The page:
- Leading clients through exercises to change their perception of their pain and break through the pain-fear cycle.
- Helping clients respond to other threats with a more level head.
- Encouraging clients to use the power of positive thinking to transform the way they interpret the world around them with a positive mindset.
By helping folks understand the role their brains play in chronic pain, they can proactively begin to heal by rethinking their pain and the external triggers that might amplify it.
The Benefits of Pain Reprocessing Therapy
There’s a reason pain reprocessing therapy has been generating a good deal of buzz recently: the approach to healing can deliver significant benefits.
Conquering persistent pain
First things first: Pain reprocessing therapy can help clients overcome chronic pain. This, in turn, improves their overall health and makes life more enjoyable.
Learning more about yourself and your capabilities
Pain reprocessing therapy teaches us that we have more power than we might think. Simply by reframing the way you think about pain and your experiences, you learn that it’s possible to overcome physical discomfort. This teaches a valuable lesson: What else have you been holding yourself back from?
For example, someone who uses pain reprocessing therapy to overcome chronic pain might also have a fear of heights. After their experience with therapy, they might decide to tackle their fear head-on in a similar fashion.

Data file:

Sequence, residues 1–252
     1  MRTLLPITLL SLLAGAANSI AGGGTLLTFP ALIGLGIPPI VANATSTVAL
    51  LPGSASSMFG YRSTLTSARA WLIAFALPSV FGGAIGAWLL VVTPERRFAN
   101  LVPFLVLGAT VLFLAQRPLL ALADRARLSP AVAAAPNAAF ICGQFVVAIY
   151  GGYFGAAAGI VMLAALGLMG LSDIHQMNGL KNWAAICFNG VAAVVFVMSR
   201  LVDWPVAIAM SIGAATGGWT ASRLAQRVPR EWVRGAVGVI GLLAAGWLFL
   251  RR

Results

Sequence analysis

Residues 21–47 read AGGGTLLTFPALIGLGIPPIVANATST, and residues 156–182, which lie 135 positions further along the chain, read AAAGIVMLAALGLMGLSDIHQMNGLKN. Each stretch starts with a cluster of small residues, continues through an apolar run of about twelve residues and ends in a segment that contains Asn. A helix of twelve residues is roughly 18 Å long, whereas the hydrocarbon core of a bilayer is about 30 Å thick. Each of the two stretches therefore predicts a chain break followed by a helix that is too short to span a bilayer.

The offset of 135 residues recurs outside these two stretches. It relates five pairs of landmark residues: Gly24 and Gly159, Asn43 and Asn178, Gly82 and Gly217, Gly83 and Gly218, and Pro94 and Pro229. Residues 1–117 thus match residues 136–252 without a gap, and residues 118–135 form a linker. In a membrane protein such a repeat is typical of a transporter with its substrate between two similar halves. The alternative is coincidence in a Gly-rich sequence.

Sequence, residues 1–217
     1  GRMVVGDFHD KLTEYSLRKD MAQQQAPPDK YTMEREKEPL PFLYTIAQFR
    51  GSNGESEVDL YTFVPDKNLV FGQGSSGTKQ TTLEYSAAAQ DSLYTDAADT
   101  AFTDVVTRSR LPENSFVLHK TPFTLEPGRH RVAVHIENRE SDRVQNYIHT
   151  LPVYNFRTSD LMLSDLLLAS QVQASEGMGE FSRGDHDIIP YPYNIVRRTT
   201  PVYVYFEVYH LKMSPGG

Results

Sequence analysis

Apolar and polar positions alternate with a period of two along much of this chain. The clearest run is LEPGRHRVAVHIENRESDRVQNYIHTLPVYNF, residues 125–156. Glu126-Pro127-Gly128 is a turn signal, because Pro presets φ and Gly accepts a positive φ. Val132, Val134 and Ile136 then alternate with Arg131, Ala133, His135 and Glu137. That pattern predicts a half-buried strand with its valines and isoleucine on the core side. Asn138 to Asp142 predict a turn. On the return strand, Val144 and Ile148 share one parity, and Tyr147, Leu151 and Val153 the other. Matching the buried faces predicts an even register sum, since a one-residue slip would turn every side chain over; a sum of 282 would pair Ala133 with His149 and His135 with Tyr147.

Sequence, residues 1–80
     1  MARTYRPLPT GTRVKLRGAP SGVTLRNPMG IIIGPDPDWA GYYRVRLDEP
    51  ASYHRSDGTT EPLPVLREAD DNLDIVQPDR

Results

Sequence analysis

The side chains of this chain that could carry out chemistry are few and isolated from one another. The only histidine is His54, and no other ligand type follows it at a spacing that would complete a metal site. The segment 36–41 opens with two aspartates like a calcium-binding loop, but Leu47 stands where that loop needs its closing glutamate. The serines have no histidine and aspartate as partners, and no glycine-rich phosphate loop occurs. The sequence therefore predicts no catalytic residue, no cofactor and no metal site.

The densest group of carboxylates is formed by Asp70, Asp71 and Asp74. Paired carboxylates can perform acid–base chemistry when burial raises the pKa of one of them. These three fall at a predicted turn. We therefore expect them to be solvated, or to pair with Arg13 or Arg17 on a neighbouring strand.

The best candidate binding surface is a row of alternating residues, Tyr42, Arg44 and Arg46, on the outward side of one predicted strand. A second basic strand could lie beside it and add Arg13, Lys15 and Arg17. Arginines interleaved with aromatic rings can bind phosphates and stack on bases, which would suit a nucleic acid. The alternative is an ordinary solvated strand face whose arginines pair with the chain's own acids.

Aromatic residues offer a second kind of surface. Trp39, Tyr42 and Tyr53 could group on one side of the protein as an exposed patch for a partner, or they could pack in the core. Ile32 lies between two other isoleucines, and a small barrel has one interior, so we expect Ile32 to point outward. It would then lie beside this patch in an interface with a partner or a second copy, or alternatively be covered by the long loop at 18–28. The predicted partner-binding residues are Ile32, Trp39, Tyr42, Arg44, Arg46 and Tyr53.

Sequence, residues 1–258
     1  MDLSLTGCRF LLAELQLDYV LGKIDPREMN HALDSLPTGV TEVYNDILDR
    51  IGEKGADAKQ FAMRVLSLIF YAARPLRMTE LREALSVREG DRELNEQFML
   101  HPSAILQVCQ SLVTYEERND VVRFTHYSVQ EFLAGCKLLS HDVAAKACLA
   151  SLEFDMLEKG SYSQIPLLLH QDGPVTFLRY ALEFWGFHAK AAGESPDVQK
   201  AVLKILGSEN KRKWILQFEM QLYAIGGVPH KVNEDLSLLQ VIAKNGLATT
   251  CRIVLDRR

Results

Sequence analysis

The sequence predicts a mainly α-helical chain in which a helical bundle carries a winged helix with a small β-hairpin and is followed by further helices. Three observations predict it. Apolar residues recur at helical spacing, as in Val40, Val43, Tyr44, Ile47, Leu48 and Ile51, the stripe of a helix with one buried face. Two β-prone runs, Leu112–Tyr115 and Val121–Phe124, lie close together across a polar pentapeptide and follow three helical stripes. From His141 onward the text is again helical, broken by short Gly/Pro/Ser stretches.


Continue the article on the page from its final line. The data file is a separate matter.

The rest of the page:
Having a healthier outlook on life
When you deal with chronic pain over a long enough timeline, it’s easy to get down on life. Once that pain is alleviated, you can develop a healthier outlook on the future — which makes life more fulfilling for you and those around you.
What to Do If You’re Dealing with Chronic Pain
If you’re dealing with chronic pain, take comfort in the fact you’re not alone. Beyond that, here are some ways you can make your pain at least a little more bearable.
While we don’t have control over many things in life, we do have control over the way we think about our experiences and the world we live in. By making a conscious effort to stay positive, you can alleviate stress and anxiety, which can help you feel better physically.
Though it might seem a bit counterintuitive, research suggests that you can actually relieve your pain by exercising and releasing endorphins, which are nature’s painkillers. Of course, your chronic pain might prevent you from going on five-mile runs. But anything you can do to be active — whether it’s stretching, yoga, or walking down the street — can help.
Chronic pain can make you want to isolate yourself from the world. Resist these temptations. Spending time with other people can help you overcome negative feelings and become more resilient in the face of your chronic pain.
Search for a therapist
If the preceding three tactics aren’t working for you, it may be time to begin your search for a therapist and give pain reprocessing therapy a try. The right therapist can help you overcome your chronic pain by changing the way you think about it.
Ready to conquer your chronic pain and live your best life? Begin your search for a professional therapist near you today.